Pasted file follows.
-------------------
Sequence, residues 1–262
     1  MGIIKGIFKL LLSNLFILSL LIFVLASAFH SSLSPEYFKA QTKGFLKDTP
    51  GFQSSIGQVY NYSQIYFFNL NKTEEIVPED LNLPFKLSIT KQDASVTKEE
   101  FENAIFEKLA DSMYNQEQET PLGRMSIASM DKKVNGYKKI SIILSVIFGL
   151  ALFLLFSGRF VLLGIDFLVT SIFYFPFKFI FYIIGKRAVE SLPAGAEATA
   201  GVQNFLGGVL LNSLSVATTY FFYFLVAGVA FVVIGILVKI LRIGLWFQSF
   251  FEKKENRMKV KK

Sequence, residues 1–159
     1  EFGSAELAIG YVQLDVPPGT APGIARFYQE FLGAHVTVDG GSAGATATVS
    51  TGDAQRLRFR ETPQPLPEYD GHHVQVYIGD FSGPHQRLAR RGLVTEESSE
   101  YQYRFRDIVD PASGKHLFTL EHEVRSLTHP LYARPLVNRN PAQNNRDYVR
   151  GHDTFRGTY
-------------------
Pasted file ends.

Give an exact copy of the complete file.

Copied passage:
Sequence, residues 1–262
     1  MGIIKGIFKL LLSNLFILSL LIFVLASAFH SSLSPEYFKA QTKGFLKDTP
    51  GFQSSIGQVY NYSQIYFFNL NKTEEIVPED LNLPFKLSIT KQDASVTKEE
   101  FENAIFEKLA DSMYNQEQET PLGRMSIASM DKKVNGYKKI SIILSVIFGL
   151  ALFLLFSGRF VLLGIDFLVT SIFYFPFKFI FYIIGKRAVE SLPAGAEATA
   201  GVQNFLGGVL LNSLSVATTY FFYFLVAGVA FVVIGILVKI LRIGLWFQSF
   251  FEKKENRMKV KK

Sequence, residues 1–159
     1  EFGSAELAIG YVQLDVPPGT APGIARFYQE FLGAHVTVDG GSAGATATVS
    51  TGDAQRLRFR ETPQPLPEYD GHHVQVYIGD FSGPHQRLAR RGLVTEESSE
   101  YQYRFRDIVD PASGKHLFTL EHEVRSLTHP LYARPLVNRN PAQNNRDYVR
   151  GHDTFRGTY